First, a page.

As the rescue and recovery continues in Albania, questions have been raised about the dangers in one of the most seismically active regions of Europe.

How many earthquakes have there been in Italy recently? Dozens, but most of them have been of fairly modest magnitude.
The events were on 24 August (6.2), 26 October (6.1) and 30 October (6.6). They have all happened in a relatively small area of central Italy, about halfway between Rome and the Adriatic port of Ancona.
These earthquakes have occurred in the Apennines, the mountain range that forms the central spine of the country. They are being pulled very slowly apart, but the earth’s crust in this region is riven with geological faults. Typically, the stresses gradually build and then release catastrophically.
“Italy is one of the countries in the Mediterranean with the highest seismic risk,”. The country lies where the African and Eurasian tectonic plates converge. They are moving together at a rate of 4-10mm a year.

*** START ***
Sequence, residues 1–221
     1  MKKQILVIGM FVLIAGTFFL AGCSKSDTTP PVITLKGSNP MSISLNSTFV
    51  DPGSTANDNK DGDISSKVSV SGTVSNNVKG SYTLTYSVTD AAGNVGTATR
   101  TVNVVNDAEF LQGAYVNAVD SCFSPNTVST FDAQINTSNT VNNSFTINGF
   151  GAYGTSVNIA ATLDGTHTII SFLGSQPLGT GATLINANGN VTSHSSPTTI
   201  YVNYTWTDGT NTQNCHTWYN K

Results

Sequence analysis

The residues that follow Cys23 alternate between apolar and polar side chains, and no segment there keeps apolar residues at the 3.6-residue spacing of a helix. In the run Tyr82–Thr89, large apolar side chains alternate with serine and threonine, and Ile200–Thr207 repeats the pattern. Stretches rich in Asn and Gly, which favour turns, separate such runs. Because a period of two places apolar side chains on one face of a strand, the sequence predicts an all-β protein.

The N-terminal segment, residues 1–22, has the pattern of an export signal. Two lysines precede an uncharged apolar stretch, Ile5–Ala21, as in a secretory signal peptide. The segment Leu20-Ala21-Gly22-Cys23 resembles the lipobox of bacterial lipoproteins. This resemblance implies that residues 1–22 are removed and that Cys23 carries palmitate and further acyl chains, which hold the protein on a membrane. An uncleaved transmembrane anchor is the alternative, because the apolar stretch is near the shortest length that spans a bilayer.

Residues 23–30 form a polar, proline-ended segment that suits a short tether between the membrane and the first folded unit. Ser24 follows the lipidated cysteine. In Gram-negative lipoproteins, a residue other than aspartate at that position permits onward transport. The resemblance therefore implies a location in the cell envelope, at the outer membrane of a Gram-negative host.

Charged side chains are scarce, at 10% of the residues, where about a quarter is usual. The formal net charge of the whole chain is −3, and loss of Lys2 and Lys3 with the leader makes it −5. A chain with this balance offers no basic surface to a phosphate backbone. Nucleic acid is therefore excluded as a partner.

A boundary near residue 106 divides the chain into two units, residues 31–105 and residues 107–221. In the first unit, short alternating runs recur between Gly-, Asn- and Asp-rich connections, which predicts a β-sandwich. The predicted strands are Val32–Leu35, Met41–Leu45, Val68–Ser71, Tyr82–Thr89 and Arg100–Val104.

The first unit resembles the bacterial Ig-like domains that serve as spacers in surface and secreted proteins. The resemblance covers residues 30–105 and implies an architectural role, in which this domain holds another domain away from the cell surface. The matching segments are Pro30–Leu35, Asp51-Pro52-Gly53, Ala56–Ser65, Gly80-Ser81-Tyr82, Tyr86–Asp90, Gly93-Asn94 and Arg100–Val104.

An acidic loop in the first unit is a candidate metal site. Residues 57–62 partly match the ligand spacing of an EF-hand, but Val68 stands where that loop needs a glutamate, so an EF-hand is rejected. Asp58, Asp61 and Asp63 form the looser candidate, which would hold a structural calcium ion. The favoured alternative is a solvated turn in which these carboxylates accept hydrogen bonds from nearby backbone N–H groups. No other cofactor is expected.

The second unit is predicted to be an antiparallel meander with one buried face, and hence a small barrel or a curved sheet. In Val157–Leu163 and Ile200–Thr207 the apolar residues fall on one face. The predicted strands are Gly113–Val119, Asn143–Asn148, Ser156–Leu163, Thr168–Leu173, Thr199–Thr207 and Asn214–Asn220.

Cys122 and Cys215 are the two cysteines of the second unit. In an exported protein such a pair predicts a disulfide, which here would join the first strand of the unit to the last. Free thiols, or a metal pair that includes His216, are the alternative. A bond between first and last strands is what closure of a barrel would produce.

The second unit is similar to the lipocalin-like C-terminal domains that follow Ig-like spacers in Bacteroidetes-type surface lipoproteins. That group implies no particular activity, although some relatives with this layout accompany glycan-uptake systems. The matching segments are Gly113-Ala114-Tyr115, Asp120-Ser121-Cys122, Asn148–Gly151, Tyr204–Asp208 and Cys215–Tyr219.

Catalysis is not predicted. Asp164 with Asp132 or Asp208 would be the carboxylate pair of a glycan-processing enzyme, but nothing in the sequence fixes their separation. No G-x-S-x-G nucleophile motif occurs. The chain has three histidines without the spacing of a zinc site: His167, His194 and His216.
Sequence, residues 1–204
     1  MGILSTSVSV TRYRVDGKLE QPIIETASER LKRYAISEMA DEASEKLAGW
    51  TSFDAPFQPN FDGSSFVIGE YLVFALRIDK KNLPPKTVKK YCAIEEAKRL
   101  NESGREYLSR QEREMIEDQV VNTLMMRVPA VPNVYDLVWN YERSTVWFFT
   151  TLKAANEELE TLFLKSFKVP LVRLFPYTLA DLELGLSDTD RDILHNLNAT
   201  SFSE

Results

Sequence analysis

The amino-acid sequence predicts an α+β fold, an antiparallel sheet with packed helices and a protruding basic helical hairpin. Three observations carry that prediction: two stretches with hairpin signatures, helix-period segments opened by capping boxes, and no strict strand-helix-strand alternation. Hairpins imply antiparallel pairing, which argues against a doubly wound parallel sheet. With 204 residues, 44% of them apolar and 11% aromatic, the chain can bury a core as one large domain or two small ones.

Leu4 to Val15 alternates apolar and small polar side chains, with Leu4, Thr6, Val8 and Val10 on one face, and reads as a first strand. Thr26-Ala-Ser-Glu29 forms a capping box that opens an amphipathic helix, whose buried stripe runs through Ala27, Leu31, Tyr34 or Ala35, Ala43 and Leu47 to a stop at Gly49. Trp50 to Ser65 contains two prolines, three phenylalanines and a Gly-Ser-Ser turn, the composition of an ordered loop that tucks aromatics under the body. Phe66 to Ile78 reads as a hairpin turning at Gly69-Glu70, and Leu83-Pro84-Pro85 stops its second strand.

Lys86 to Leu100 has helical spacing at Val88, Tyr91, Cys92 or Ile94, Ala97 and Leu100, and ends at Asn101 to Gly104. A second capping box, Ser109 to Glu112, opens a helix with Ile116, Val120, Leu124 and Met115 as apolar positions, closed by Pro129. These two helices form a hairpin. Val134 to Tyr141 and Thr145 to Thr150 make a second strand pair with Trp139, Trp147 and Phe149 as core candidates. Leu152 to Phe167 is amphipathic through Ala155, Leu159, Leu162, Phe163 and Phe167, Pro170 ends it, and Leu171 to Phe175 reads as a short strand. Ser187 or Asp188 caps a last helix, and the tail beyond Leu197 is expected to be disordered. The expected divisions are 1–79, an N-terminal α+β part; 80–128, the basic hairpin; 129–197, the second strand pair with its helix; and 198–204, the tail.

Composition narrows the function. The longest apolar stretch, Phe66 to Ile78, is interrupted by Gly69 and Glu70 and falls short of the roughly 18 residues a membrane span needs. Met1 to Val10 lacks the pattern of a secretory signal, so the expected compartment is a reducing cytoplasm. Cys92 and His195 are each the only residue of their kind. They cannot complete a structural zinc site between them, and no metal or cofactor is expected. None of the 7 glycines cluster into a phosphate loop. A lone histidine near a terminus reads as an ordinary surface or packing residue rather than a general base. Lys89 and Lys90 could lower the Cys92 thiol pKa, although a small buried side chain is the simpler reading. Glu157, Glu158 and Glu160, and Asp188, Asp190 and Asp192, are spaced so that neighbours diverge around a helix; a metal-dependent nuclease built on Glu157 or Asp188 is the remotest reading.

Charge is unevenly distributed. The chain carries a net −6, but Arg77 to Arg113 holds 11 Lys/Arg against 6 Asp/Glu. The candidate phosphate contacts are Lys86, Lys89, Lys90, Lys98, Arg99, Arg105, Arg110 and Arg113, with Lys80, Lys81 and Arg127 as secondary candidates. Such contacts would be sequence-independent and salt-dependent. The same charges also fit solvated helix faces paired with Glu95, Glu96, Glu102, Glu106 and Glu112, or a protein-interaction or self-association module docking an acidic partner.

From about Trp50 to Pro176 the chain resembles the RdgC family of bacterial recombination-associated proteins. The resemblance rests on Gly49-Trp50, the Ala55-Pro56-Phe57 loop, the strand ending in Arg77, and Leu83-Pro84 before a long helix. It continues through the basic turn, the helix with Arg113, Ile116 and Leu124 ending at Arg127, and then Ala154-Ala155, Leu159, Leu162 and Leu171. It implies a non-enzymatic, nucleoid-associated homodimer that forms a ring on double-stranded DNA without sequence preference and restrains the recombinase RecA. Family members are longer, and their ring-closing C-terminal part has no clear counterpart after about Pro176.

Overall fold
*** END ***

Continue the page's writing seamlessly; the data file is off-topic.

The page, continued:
“The highest seismicity is concentrated in the central-southern part of the peninsula, along the Apennine ridge, in Calabria and Sicily and in some northern areas, like Friuli, part of Veneto and western Liguria,”.
The region’s tectonic activity cannot be simply explained by the collision of the Eurasia and Africa plates. It has been suggested that deeper lithospheric processes are controlling some of the deformation observed at the surface.

The deadliest documented earthquake in Europe was on 28 December 1908, when a 7.0 magnitude earthquake in the Messina Strait killed 72,000 people. The only part of Italy with no significant seismic events is the island of Sardinia.